A Musical Homecoming


A few months ago, I spotted a post from my old high school announcing a tribute concert for my former band director.

A few months ago, I spotted a post from my old high school announcing a tribute concert for my former band director, Joseph Kaschak. It invited Madison Central High School alumni to play a few songs with the Old Bridge Concert Band.

When I checked the date and saw that I was off that weekend, I knew I had to go. So, I had the music sent to me, literally dusted off my tenor sax case, and started practicing.

After a day of sounding like a gander in heat, I remembered to shave my reed down like my neighbor Norman Paley had taught me, and I got something resembling a good tone. Then, I worked on the sheet music. By the time the concert rolled around, I thought I had a good feel for what I was doing.

The Kaschak Music Axiom #1 clearly states that sheet music is the universal language, and if you do your homework, you can sit down next to someone you never met and play in sync. I was about to find out if that holds true.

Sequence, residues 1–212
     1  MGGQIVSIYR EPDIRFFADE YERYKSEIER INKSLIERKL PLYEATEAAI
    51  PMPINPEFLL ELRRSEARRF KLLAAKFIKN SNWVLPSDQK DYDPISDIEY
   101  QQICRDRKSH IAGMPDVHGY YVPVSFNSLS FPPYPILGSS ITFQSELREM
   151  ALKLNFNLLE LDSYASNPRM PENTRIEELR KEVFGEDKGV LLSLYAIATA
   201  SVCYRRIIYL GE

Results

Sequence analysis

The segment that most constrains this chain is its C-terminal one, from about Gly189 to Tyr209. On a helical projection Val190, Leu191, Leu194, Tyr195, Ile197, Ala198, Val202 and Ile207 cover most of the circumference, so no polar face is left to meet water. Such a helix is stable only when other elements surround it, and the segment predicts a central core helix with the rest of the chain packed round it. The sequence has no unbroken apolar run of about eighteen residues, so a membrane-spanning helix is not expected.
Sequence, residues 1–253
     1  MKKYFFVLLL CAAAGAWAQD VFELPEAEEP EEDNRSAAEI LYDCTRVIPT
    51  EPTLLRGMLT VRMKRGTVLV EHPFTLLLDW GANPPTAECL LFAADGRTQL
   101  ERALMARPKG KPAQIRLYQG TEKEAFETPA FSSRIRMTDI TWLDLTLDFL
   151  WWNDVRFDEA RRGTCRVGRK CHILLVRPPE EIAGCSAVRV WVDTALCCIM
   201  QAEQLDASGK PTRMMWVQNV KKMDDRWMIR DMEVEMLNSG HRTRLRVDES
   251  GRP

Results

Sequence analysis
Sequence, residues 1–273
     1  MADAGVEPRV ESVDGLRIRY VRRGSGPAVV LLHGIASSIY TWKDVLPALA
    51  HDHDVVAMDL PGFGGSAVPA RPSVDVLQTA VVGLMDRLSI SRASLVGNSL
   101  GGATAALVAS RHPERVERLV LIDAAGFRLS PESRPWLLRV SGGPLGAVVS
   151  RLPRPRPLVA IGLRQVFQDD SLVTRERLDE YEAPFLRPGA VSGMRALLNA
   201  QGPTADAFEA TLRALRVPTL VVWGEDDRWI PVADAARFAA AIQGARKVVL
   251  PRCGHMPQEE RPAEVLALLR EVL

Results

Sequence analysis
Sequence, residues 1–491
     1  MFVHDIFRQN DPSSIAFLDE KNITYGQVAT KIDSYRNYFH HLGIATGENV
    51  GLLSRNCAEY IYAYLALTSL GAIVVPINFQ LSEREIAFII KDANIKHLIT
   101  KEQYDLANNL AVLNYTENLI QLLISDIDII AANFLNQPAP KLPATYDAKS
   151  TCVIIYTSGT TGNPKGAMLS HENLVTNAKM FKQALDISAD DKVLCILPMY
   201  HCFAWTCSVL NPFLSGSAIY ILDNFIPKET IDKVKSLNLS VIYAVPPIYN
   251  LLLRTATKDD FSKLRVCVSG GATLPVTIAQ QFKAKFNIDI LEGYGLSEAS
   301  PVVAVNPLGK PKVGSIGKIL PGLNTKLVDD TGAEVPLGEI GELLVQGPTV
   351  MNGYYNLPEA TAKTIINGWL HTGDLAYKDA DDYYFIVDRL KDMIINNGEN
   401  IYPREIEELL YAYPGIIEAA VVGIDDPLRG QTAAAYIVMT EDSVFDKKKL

I arrived at the old MCHS (now Carl Sandburg Middle School) and began what Julian referred to as my “nostalgia trip.” I sat on the stoop that we always used to sit on and took it all in. I went into the band room, put my horn together, and warmed up to get ready to go.

I met the conductors, took my seat, and got rolling through all 3 songs. After we were done, I noticed a clarinet player who looked familiar. It was my old neighbor, Mr. Paley! The Norman Paley Trio was well known in woodwind jazz circles, and Mr. Paley still wails on the licorice stick like the pro he always was. He had a solo during the show and blew it away.

There were 2 special tributes to Mr. Kaschak. The first was a slideshow that featured his voice giving a lesson on humanity. I felt like I was in the band room 30 years ago. The second was a cornet that I immediately knew was his. It was like looking at Luke Skywalker’s lightsaber, only cooler. A solo was magnificently played on it.

The school alumni joined the concert band in playing “Just a Closer Walk with Thee” (which was played at Mr. Kaschak’s funeral), the bawdy “St. Louis Blues,” and “Our Director,” which was the MCHS “touchdown song.” It felt amazing to perform again.

I rounded out my nostalgia trip with a mass at St. Ambrose parish and a quick pass at Walter M. Schirra elementary school and my childhood home. It was fun to go back, but it was better to go home. My present is better than my past, and my future is so bright that I have to wear shades.

Jay Sochoka, RPh, did the time warp.

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